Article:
The Differential OPAMP Amplifier
 Boris Poupet
 bpoupet@hotmail.fr

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Introduction
In the previous tutorials, we talked about the inverting opamp and noninverting opamp, we considered configurations that take a single input on either pin “” or “+” of the operational amplifier, while the other pin is grounded.
However, it is possible, as we will see during this article, to supply both inputs of an opamp with signals in order to obtain an output that is directly proportional to the input difference. This new configuration is commonly known as a differential amplifier.
We introduce this new configuration in the first section where we present its functioning and demonstrate its output expression.
A simple example of a differential amplifier along with some basic differentialbased applications is presented in the second section.
Finally, the last section briefly presents the instrumentation amplifiers which are essential differentialbased configurations found in acquisition chains to treat sensor outputs.
Presentation
The goal of this section is to introduce the reader to the differential amplifier configuration and to demonstrate its output expression.
In Figure 1, we present the circuit representation of the basic differential amplifier. The inputs are labeled V_{1} and V_{2} and are in connection with the opamp inverting and noninverting pins through the resistors R_{1} and R_{2}. The output is labeled V_{out }and the resistors R_{f} and R_{g} stand respectively for “feedback” and “ground”.
In the following, we will suppose the opamp to be ideal, which is a very good approximation of modern real amplifiers. As a consequence, we have no currents entering through the pins – and + of the opamp, moreover, the equality V_{+}=V_{–} between the potentials at the same pins is satisfied.
The voltage V_{+} is determined by the voltage divider formula linking R_{2} and R_{g}:
The voltage V_{–} can be written thanks to Millman’s theorem which stipulates that the potential at a node can be written as the sum of the currents entering the node and divided by the sum of the admittances in each branch:
Since we suppose V_{+}=V_{–}, both previous equations are also equal. After rearranging this equality, we finally obtain the output expression for a differential amplifier in the general case, which is a superposition of both inputs V_{1} and V_{2}:
Differential mode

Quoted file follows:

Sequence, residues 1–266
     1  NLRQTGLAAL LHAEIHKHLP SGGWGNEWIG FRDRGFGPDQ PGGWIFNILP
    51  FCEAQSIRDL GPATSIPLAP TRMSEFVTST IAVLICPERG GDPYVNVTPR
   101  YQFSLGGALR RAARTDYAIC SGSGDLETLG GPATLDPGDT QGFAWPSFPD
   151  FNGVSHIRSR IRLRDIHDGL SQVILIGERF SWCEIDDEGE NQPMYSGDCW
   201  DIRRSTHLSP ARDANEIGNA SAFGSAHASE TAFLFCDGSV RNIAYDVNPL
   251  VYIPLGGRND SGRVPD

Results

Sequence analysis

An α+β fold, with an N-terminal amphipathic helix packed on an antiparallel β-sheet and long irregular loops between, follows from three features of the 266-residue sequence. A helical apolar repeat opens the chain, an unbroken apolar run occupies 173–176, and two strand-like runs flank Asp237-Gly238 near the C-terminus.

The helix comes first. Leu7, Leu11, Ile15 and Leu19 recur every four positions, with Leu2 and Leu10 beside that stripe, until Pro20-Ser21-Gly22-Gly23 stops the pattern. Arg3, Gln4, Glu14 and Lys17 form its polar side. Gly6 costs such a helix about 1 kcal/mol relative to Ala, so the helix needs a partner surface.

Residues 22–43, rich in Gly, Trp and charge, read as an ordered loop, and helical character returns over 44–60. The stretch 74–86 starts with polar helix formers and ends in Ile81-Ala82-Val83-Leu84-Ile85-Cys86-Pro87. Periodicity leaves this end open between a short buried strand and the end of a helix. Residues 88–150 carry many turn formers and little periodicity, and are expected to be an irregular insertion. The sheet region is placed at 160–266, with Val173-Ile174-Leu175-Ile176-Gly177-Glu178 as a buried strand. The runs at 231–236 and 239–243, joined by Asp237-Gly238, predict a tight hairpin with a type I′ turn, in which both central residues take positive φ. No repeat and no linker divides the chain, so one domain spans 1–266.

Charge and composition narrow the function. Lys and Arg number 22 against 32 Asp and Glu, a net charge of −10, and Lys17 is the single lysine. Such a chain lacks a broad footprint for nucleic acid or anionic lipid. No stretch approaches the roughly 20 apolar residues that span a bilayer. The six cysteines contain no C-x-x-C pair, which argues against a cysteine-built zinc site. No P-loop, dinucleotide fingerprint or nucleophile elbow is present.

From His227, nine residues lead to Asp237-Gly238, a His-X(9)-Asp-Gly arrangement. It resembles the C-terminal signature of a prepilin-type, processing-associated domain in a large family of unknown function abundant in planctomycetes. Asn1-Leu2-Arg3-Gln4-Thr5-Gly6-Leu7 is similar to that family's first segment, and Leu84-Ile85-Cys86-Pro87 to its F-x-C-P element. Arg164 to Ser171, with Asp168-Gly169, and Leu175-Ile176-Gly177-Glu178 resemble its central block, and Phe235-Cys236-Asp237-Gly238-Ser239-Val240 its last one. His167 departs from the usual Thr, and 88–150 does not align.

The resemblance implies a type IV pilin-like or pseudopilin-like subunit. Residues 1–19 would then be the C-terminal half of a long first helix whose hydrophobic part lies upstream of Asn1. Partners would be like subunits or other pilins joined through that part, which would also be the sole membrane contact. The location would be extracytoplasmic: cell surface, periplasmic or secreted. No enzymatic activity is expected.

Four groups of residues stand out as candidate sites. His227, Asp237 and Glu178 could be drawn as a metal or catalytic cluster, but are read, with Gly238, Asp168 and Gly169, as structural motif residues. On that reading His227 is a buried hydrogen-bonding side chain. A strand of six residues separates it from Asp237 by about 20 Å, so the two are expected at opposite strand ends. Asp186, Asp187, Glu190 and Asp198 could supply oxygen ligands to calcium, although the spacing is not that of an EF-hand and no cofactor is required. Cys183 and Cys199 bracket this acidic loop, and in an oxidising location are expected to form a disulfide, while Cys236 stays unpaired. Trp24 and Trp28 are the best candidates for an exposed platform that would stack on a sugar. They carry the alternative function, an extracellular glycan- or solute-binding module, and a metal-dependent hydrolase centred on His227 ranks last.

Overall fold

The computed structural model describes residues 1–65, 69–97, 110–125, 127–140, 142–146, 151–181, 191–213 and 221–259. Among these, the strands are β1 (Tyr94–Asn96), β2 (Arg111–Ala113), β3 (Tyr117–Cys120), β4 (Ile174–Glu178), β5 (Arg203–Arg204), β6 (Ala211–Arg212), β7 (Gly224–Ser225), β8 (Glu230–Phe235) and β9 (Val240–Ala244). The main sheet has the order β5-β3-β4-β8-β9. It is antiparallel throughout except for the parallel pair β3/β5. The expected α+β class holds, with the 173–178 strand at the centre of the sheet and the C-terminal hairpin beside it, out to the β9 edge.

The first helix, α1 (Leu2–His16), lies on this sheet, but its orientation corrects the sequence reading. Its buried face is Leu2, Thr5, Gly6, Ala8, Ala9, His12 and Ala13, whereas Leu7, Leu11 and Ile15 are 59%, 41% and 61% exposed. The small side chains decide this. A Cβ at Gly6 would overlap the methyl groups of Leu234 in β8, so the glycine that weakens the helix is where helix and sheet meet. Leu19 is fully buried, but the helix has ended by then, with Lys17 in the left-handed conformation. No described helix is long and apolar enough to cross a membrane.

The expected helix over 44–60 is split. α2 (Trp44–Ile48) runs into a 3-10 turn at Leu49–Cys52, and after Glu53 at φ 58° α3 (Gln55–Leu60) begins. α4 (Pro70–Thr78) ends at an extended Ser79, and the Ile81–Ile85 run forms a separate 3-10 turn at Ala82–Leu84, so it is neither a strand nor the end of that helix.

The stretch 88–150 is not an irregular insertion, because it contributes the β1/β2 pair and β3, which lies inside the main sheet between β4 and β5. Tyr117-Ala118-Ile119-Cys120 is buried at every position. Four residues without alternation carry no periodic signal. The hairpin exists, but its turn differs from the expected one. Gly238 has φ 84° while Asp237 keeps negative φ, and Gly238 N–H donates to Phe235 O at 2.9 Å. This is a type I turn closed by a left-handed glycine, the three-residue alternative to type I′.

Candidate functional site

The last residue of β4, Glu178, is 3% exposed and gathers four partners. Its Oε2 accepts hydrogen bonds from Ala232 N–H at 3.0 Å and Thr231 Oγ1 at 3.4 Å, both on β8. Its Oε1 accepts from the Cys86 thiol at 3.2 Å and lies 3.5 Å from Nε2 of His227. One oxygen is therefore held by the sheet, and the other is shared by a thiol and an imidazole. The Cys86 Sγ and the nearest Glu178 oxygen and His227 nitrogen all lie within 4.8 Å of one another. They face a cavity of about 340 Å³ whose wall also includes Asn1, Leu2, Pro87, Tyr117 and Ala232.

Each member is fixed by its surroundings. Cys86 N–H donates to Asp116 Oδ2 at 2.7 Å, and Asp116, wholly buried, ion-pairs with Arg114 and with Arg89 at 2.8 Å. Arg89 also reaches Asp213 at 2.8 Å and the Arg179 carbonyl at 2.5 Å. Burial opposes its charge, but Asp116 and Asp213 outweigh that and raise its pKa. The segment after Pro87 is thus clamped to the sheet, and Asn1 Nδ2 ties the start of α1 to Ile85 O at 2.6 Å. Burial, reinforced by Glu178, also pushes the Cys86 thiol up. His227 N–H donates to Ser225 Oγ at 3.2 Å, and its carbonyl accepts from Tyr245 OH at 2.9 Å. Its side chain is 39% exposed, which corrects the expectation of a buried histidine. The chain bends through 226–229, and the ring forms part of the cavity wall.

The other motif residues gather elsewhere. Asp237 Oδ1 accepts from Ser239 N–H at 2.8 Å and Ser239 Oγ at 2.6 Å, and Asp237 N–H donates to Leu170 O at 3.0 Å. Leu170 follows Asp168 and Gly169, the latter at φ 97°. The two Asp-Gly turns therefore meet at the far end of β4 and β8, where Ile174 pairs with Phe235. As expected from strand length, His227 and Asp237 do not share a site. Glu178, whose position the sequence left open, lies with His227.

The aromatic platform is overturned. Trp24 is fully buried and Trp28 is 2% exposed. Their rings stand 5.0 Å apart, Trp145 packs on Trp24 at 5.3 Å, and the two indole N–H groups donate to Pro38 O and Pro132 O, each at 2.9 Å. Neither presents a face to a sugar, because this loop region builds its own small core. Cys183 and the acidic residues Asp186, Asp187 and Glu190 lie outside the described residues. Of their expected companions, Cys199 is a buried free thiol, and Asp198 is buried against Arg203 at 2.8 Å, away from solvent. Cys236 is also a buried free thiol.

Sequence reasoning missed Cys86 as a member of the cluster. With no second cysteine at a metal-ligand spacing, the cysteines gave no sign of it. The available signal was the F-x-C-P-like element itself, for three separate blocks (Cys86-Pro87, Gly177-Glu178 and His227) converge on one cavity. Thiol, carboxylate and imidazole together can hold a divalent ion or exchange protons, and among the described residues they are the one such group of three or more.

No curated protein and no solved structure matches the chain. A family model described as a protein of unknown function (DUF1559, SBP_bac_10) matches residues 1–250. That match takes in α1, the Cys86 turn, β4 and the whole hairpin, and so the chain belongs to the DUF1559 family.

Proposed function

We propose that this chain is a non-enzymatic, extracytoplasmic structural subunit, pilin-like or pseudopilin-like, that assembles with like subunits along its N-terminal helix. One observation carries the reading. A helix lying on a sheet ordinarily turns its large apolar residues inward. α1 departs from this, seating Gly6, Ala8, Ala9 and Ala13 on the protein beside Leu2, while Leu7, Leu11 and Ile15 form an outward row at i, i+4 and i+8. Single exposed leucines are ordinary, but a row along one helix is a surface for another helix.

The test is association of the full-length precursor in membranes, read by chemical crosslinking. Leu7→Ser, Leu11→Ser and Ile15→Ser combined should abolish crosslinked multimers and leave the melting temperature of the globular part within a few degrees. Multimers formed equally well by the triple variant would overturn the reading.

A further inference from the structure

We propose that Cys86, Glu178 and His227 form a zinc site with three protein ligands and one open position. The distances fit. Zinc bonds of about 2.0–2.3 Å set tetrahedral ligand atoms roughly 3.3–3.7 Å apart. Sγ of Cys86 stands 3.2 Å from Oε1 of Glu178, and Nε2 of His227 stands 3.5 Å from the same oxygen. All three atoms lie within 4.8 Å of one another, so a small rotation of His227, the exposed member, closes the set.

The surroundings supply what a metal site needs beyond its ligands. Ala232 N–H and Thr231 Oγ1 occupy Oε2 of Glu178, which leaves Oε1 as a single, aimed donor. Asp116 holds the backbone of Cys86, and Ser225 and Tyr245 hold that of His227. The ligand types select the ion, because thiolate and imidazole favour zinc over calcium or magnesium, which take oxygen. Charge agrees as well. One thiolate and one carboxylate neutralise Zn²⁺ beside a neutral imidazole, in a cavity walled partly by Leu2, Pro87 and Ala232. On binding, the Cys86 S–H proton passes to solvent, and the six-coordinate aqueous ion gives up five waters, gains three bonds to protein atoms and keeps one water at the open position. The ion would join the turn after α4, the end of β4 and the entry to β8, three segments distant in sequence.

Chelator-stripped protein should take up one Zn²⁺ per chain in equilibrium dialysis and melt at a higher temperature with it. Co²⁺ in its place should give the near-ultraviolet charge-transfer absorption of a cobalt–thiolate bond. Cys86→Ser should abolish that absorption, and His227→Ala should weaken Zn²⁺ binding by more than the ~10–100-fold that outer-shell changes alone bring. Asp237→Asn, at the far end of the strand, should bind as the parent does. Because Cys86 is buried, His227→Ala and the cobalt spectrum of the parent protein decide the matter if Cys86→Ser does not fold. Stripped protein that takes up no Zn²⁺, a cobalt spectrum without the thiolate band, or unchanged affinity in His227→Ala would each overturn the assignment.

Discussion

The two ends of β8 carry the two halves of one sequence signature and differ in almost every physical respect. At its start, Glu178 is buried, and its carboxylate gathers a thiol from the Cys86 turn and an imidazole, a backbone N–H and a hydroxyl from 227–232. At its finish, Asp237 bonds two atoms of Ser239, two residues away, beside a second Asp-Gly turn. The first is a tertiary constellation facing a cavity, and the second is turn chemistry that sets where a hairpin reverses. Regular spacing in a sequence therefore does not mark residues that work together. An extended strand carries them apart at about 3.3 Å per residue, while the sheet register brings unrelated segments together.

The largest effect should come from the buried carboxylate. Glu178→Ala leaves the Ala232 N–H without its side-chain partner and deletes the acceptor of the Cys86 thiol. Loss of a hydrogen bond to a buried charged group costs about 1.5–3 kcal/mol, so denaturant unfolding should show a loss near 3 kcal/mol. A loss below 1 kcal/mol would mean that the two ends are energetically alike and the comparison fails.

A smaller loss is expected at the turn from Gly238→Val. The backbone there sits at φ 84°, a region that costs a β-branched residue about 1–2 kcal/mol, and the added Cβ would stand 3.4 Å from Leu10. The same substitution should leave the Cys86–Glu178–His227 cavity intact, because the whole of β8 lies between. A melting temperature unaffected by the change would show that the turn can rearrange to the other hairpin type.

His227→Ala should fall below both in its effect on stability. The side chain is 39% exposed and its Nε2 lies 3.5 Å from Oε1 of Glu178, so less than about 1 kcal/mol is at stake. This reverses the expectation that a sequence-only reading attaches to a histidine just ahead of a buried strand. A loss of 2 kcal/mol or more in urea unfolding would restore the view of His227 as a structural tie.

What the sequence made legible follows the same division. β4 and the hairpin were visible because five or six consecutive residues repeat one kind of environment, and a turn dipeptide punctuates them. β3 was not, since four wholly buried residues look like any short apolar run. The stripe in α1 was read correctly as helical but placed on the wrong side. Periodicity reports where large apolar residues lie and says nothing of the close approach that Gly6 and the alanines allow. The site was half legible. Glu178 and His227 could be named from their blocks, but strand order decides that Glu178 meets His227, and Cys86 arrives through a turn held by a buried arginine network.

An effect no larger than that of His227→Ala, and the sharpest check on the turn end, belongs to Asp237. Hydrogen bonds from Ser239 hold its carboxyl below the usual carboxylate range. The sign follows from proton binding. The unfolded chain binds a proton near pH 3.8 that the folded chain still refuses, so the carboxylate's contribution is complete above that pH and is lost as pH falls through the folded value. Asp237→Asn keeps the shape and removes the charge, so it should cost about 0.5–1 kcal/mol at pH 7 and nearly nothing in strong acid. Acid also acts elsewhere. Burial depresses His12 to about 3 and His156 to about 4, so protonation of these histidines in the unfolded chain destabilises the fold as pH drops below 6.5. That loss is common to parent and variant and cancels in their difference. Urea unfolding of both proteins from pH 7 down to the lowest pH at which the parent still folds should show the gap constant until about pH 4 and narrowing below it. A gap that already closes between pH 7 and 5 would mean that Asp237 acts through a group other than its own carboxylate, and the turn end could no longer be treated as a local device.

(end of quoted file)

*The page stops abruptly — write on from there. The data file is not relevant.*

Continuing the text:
The configuration R_{1}≠R_{2}≠R_{f}≠R_{g }is however never used in real circuits. What we should aim for when designing a differential amplifier is to get an output of the form V_{out}=A(V_{2}V_{1}), with A being a common factor.
In the following paragraphs, we show under which condition (that we call differential condition) this common factor can be written.
In order to get a common factor for V_{1} and V_{2}, the following equality must be satisfied:
After some basic simplification steps, the differential condition can finally be written R_{f}/R_{1}=R_{g}/R_{2}. In this case, we obtain indeed V_{out}=A(V_{2}V_{1}) with A=R_{f}/R_{1}.
We can even simplify the circuit by choosing R_{1}=R_{2} and R_{f}=R_{g }(which still satisfies the differential condition and with again A=R_{f}/R_{1}):
Subtractor mode
If we add the conditions R_{1}=R_{f} and R_{2}=R_{g}, not only we satisfy the condition to write the output under the form V_{out}=A(V_{2}V_{1}) but also we get A=1.
In this case, we cannot talk of the circuit as a differential amplifier since the difference V_{2}V_{1} is not amplified, we instead label the configuration as a subtractor with V_{out} being directly equal to the input difference.
Differential amplifier examples
As stated in the introduction, differential amplifier opamps can be very useful to process the output signal of a sensor. We first present some very simple sensors that are resistors which resistance value depends on an external physical parameter.
In the second part, we need to present what is a Wheatstone bridge before focusing on the third part which deals with the integration of these sensors in a differential amplifier circuit to understand how the signal is processed.
Dependent resistor
In the following, we present the basics of resistors which resistance values depend on the light intensity (photoresistor) or on the temperature (thermistor).
A good modelization for both photoresistor and thermistor resistance values is to consider an exponential decrease with an increase of the light intensity or temperature: